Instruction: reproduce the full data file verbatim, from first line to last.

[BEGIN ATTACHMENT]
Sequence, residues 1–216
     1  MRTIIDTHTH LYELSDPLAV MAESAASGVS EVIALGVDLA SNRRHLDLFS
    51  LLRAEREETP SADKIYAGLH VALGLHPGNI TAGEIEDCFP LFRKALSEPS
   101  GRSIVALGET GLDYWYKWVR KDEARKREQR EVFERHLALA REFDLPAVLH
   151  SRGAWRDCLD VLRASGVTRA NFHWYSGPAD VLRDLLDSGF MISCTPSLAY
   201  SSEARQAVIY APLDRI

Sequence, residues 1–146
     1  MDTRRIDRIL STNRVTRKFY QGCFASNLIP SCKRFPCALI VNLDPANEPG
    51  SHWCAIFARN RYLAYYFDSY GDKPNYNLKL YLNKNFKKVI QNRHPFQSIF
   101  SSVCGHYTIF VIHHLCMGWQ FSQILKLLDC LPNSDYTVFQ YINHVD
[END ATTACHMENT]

Sequence, residues 1–216
     1  MRTIIDTHTH LYELSDPLAV MAESAASGVS EVIALGVDLA SNRRHLDLFS
    51  LLRAEREETP SADKIYAGLH VALGLHPGNI TAGEIEDCFP LFRKALSEPS
   101  GRSIVALGET GLDYWYKWVR KDEARKREQR EVFERHLALA REFDLPAVLH
   151  SRGAWRDCLD VLRASGVTRA NFHWYSGPAD VLRDLLDSGF MISCTPSLAY
   201  SSEARQAVIY APLDRI

Sequence, residues 1–146
     1  MDTRRIDRIL STNRVTRKFY QGCFASNLIP SCKRFPCALI VNLDPANEPG
    51  SHWCAIFARN RYLAYYFDSY GDKPNYNLKL YLNKNFKKVI QNRHPFQSIF
   101  SSVCGHYTIF VIHHLCMGWQ FSQILKLLDC LPNSDYTVFQ YINHVD